Recently, I had the privilege to launch my book at the Grand Copthorne Waterfront Hotel, Singapore. The book launch was done during their 8th Asia-Pacific Primary Liver Cancer Expert Meeting. I must say that it was an awesome experience I had so far as a physician. I met a lot of brilliant people from the vast range of healthcare workers.
I was interested in hearing their opinions and responses on my perspectives as a caregiver. A booth for the book signing event by the organizing committee. My talk was on the second day of the conference. During the first day, I was visited by an oncologist and he asked me a couple of questions about the contents of my book. I was surprised to hear him say, “It’s common, almost all of us have relatives with cancer.” The statement didn’t shock me, as I was in the same mindset as him before. We doctors think we know all there is about cancer. I did not respond to his statement. I kept it for my speech the next day.
On the second day, I was on the stage. Initially, I explored on the concepts about creating time for myself and loved ones, at home post-chemotherapy care. Then I asked the audience a simple but precise question, “Do you know how many injections, blood taking and CT scans that you have ordered and your patients had gone through?” I went the extra mile asked them, “Do you know how many sleepless nights that your patients had after their biopsy and chemotherapy? Do you know that some of them came late because they had to circle the hospital a few times looking for a parking spot? Do you know how much it cost them to come for their treatments and clinic appointments? Do you know that some of them had to get a personal loan to cover all these unwanted expenses?”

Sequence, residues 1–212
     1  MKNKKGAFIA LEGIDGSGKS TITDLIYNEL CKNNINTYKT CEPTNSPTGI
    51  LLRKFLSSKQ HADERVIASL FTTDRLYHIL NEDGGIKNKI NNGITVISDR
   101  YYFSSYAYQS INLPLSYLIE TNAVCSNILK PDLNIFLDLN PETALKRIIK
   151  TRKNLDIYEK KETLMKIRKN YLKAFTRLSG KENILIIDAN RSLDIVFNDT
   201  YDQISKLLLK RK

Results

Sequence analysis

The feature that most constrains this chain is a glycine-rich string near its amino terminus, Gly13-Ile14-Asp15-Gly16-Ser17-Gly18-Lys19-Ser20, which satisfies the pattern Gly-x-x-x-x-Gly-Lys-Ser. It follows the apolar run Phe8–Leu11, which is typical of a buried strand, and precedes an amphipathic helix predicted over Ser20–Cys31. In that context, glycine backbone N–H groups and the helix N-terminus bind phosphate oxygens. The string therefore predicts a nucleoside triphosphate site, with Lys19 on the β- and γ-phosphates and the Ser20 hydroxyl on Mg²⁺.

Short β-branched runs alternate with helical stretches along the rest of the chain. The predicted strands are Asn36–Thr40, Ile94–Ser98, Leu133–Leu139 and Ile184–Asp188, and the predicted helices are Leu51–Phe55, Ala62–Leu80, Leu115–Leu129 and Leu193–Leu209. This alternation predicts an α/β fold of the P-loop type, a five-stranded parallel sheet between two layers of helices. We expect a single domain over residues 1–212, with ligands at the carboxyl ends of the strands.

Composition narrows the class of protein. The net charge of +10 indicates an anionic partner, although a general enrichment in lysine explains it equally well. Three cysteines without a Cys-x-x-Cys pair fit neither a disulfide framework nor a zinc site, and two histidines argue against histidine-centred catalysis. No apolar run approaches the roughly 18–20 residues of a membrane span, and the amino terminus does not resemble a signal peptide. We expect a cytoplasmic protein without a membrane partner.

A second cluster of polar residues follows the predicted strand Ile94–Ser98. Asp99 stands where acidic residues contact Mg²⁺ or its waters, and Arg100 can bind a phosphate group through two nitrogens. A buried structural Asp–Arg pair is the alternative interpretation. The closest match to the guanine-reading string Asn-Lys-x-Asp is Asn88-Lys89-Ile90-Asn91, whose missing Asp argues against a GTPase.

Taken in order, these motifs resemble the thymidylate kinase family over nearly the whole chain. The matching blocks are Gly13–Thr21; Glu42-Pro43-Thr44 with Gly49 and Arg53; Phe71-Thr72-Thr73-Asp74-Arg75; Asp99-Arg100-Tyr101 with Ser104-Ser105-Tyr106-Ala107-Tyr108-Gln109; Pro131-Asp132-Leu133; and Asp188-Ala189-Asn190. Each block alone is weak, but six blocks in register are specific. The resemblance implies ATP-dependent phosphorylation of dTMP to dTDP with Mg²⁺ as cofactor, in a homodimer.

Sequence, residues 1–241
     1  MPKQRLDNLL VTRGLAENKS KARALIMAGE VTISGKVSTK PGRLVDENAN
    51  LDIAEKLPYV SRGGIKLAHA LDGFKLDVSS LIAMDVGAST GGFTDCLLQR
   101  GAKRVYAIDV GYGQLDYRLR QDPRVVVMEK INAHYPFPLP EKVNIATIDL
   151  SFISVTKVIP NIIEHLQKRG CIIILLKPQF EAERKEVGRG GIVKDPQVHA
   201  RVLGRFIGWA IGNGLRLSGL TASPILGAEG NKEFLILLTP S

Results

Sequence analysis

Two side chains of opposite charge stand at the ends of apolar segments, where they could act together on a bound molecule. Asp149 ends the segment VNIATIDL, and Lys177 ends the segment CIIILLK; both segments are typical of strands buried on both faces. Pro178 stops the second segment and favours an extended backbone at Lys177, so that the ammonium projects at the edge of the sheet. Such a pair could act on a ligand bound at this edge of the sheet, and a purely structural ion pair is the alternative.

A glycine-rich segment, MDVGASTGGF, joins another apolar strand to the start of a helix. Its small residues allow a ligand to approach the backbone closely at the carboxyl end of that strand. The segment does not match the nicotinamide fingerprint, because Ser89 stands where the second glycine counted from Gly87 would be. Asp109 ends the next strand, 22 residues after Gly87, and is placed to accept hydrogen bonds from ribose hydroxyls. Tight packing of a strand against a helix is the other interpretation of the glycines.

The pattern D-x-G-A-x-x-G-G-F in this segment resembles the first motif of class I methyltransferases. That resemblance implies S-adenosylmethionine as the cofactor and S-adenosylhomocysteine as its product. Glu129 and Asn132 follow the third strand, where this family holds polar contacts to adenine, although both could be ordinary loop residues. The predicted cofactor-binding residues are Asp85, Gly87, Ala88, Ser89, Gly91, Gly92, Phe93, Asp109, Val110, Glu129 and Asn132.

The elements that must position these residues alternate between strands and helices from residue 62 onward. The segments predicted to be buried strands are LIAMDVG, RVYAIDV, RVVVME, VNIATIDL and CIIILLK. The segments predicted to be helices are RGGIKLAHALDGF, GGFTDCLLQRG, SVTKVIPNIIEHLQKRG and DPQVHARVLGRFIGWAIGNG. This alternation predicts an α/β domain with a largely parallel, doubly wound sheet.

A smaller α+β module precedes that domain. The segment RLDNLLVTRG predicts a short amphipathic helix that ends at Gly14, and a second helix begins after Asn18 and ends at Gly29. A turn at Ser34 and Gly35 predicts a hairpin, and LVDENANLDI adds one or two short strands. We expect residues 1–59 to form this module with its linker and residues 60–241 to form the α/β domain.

The audience became dead silence. It was not my intention to argue or debate with them. I just wanted to show them the perspectives of a caregiver. I went on sharing my opinions on how to at least try to understand patients. I also talked about how to deal with doctors who are also patients.
After the talk, my booth started to crowd and many were interested to know more. We talked and discussed on issues related to cancer. Some of them bought the book for themselves and their loved ones. One oncology nurse came and bought 5 books and also donated to one of the societies I support.
Overall, I loved the trip to Singapore (it was my first) and met numerous lovely people there.